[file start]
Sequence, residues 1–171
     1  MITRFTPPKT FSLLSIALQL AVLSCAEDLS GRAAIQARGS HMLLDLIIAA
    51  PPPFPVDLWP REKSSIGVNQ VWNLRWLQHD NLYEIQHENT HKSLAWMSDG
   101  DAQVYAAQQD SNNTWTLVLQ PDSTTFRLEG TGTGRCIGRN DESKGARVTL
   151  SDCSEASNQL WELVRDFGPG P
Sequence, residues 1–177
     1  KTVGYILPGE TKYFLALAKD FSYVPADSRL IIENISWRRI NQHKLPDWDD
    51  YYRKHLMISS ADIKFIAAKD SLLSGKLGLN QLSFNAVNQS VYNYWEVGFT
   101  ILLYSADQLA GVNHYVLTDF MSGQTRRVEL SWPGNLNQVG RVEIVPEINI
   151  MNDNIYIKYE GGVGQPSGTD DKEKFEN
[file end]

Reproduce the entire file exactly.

Sequence, residues 1–171
     1  MITRFTPPKT FSLLSIALQL AVLSCAEDLS GRAAIQARGS HMLLDLIIAA
    51  PPPFPVDLWP REKSSIGVNQ VWNLRWLQHD NLYEIQHENT HKSLAWMSDG
   101  DAQVYAAQQD SNNTWTLVLQ PDSTTFRLEG TGTGRCIGRN DESKGARVTL
   151  SDCSEASNQL WELVRDFGPG P
Sequence, residues 1–177
     1  KTVGYILPGE TKYFLALAKD FSYVPADSRL IIENISWRRI NQHKLPDWDD
    51  YYRKHLMISS ADIKFIAAKD SLLSGKLGLN QLSFNAVNQS VYNYWEVGFT
   101  ILLYSADQLA GVNHYVLTDF MSGQTRRVEL SWPGNLNQVG RVEIVPEINI
   151  MNDNIYIKYE GGVGQPSGTD DKEKFEN